Rewriting Redevelopment: The Anti-Proprietorial Tone in Sydney Place-Writing


  • Jennifer Hamilton University of Sydney / Western Sydney University


place, temporality, decolonisation, property, close reading


Corporate and government place-making practices are designed to make place a more desirable commodity. In Sydney, this activity capitalises on the extant settler colonial drive towards property ownership. In this context, the labours of artists are often engaged to cultivate an interesting and sophisticated cultural atmosphere in areas that are undergoing top-down redevelopment. The role of literary arts is curious in this context because it does not cultivate the same configurations of community as other types of creative practice. By drawing a distinction between a reading (a live event) and close reading (a studious reflection), this essay engages in the latter as a form of counter-cultural place making. This is specifically the case in relation to two works—Fiona McGregor's novel Indelible Ink (2010) and Brenda Saunders' poem "Sydney Real Estate: FOR SALE" (2012)—that represent critical perspectives on the commodification of place. By engaging in a close reading of these texts, this essay serves the dual purpose of exploring the role of ecocritical literary studies in the real-world oriented field of Environmental Humanities.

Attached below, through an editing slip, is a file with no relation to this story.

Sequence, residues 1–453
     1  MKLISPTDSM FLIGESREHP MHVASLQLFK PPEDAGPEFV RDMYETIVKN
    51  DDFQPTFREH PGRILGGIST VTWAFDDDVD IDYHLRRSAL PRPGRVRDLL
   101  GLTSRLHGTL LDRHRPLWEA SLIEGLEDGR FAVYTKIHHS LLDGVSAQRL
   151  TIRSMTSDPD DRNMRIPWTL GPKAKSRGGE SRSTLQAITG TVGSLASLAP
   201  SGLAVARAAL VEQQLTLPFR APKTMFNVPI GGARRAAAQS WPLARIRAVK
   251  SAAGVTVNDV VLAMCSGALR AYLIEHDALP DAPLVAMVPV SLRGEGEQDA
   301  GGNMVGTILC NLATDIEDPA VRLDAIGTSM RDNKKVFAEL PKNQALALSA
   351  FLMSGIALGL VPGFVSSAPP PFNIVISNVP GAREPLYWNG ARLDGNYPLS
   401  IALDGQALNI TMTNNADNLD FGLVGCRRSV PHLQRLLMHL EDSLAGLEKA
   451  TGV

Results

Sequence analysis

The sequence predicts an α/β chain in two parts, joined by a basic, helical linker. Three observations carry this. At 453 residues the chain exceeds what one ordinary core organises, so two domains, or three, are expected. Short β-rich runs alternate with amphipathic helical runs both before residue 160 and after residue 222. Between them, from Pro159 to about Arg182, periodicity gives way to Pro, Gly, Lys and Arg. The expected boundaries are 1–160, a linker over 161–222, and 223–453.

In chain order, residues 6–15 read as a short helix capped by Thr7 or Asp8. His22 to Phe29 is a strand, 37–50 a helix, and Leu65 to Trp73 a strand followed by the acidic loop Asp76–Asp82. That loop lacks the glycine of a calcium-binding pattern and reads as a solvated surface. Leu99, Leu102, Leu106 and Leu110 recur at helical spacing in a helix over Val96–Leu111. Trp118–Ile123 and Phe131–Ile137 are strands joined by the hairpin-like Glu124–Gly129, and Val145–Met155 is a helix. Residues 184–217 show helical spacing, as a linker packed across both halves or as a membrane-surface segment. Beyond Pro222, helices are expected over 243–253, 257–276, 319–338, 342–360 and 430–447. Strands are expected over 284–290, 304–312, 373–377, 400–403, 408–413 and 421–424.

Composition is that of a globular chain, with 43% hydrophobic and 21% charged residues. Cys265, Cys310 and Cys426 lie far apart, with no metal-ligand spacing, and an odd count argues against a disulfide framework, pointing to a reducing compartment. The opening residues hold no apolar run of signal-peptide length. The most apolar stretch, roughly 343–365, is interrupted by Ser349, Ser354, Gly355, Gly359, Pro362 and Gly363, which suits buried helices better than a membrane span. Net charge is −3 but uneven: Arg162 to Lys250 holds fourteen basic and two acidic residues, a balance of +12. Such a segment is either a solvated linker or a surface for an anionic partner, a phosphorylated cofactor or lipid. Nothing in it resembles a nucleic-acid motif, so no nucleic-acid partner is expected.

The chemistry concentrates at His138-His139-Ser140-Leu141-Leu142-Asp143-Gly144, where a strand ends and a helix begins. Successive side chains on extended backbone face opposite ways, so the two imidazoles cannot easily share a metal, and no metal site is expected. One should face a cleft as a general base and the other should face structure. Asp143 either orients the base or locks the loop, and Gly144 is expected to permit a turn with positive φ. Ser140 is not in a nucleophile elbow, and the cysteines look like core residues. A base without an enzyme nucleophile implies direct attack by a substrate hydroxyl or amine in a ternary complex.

Author Biography

Jennifer Hamilton, University of Sydney / Western Sydney University

Seed Box Environmental Humanities Postdoctoral Research Fellow (Funded by MISTRA+FORMAS Linköping University, Sweden; Housed in Gender and Cultural Studies, USYD & Institute For Culture and Society (WSU).